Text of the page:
Los Angeles Mayor Antonio Villaraigosa praised The College-Ready Promise for its focus on supporting classroom teachers and school leaders. “Effective teachers make significant contributions to student academic achievement,” said Mayor Villaraigosa. “But to be successful, teachers need the right training and support, as well as opportunities to learn from each other. The College-Ready Promise has developed a bold and innovative plan to provide teachers and principals with the tools they need to help students graduate ready for college.”
 
One of the most innovative aspects of the plan is the development of new career paths for highly effective teachers. Teachers in most school districts across the country have few options for advancement. They can earn significantly more by becoming an administrator, but this requires giving up classroom teaching.

Under The College-Ready Promise plan, highly effective teachers will be able to choose from three career paths—a master teacher, a coach or subject specialist, or an administrator—each with similar levels of compensation. These options will allow highly effective teachers to share their skills and help other teachers advance along the career path.
 
While the broad outlines of the teacher evaluation system and career path are detailed in The College-Ready Promise proposal, teachers and principals across the five organizations will be integral to the design and implementation of the new practices. "This is a great opportunity to rethink the way we attract, retain, and develop teachers,” said William Heuisler, a teacher at Green Dot Public Schools. “I believe that America's educational system is in need of a fundamental and significant change, and I am hopeful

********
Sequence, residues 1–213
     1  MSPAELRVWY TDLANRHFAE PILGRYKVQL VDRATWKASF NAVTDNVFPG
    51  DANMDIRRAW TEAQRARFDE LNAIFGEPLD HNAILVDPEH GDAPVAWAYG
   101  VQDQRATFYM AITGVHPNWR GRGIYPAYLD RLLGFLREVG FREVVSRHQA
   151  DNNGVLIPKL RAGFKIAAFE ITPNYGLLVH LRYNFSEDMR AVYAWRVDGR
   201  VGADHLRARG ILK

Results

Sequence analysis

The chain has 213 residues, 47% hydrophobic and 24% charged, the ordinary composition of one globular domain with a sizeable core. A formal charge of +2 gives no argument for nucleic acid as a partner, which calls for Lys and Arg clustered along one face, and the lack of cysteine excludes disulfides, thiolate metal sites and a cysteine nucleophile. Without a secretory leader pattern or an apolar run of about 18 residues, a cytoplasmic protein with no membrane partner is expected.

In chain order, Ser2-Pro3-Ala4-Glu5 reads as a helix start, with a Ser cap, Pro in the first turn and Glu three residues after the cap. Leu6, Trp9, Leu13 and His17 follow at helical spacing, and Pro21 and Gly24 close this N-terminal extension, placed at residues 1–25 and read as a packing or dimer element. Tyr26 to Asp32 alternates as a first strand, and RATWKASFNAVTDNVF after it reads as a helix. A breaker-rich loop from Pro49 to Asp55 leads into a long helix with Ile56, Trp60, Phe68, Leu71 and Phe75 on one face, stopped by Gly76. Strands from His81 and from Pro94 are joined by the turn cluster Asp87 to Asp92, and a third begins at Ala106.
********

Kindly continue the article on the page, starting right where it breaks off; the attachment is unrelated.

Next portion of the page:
that public charter organizations in California can be pioneers in that effort to ultimately improve our schools and benefit our students." 
 
The College-Ready Promise plan also reflects a growing national focus on promoting teacher effectiveness. Guidelines for education funding under the American Recovery and Reinvestment Act encourage states to develop plans to measure teacher effectiveness and ensure that effective teachers serve the neediest students. 
 
“This initiative represents the best of what entrepreneurs bring to public education: an innovative approach targeted at one of the most critical levers in student success—teacher effectiveness,” said Ted Mitchell. Mitchell is CEO of NewSchools Venture Fund, a national nonprofit venture philanthropy firm that has supported The College-Ready Promise entrepreneurs, and is also president of the California State Board of Education. “Through efforts like this one, entrepreneurs are changing the lives of children in underserved communities here in California and across the country, as well as fueling an important
national conversation about what it will take to close the achievement gap so that all students are prepared for success in college and in life.”
 
In addition to supporting the development of the teacher evaluation system, career path structure, and principal and teacher training, the seven-year grant will fund the development and implementation of common data systems to support the initiatives across the partnership. The proposal to the Gates Foundation requested $60 million to support a project cost estimated at $76 million. The College-Ready Promise will pursue additional funding from public and private sources, including federal teacher quality grants and philanthropic support.
 
“Today is an exciting day for our organizations, but the real work is just beginning,” said Judy Burton. “We are committed to bringing in more partners to support this project and sharing our lessons broadly. We also need to enact supportive policies in California, including equitable funding for all public school students, so that more schools and networks can replicate practices that promote teacher effectiveness.”

Earlier this year, the Gates Foundation invited members of The College-Ready Promise to submit an application as part of the Intensive Partnerships for Effective Teaching initiative. In August, the organizations were selected as finalists for the grants. For more information about The College-Ready Promise, visit: www.thecollegereadypromise.org.